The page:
8 Environmental Impacts of Steel Production

The most widely used building and engineering material in the world is steel. The building and infrastructure sectors consume somewhat more than half of all steel produced. This begs the question: are there environmental impacts of steel production?

Steel will most likely be utilized extensively in a variety of structures, including street furniture, multi-story buildings, homes, and bridges, both in the structural fabric and in the individual parts.

The value of steel around the globe is enormous. Steel accounts for around 95% of all metals produced and has a significant impact on economies and society in ways other than just financial gain. It is a vital raw material for a vast range of goods and uses due to its adaptability, strength, and practicality.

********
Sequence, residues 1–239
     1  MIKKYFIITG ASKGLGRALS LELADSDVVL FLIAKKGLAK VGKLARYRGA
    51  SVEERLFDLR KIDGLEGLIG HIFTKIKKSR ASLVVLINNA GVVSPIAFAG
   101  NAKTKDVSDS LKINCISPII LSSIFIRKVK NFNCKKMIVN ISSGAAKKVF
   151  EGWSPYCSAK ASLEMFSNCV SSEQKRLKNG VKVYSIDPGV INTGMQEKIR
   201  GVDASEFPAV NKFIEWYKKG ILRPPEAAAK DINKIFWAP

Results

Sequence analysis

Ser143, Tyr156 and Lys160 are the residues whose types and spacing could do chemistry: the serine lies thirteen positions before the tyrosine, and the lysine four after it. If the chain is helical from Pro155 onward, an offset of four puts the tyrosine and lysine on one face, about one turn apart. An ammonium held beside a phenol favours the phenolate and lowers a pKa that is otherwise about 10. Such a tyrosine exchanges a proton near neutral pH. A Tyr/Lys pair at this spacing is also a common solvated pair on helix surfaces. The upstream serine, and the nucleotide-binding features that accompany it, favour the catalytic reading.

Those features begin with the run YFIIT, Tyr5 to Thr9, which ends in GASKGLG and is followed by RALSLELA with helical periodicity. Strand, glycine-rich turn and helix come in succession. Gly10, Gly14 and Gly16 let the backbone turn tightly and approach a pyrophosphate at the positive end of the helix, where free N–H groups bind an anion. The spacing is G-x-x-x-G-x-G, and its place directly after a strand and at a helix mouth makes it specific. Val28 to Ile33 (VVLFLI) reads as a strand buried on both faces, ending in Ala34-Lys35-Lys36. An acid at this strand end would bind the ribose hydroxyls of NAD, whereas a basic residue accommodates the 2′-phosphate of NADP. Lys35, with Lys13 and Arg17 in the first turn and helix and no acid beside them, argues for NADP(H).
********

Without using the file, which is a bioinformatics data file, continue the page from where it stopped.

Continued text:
What is steel?

We should first review the definition of steel before examining its effects on the environment. To put it simply, steel is an alloy consisting primarily of iron, carbon, and manganese, along with trace amounts of silicon, sulphur, and oxygen.

This alloy contains 2% and 1% of carbon and manganese, respectively. However, low, medium, and high-carbon steels are created, and commercial-quality steels usually have significantly lower concentrations of these components.

Steel’s strength and hardness are derived from carbon, which also makes the material more brittle and less workable. Therefore, ensuring that steel is of the proper grade for its intended use requires careful control of the carbon content. The majority of steel has 0.35% carbon, while very few have 1.85%.

The steel can be given the appropriate performance qualities by adding further ingredients to this mixture. For instance, adding chromium results in the production of stainless steel.

Environmental Impacts of Steel Production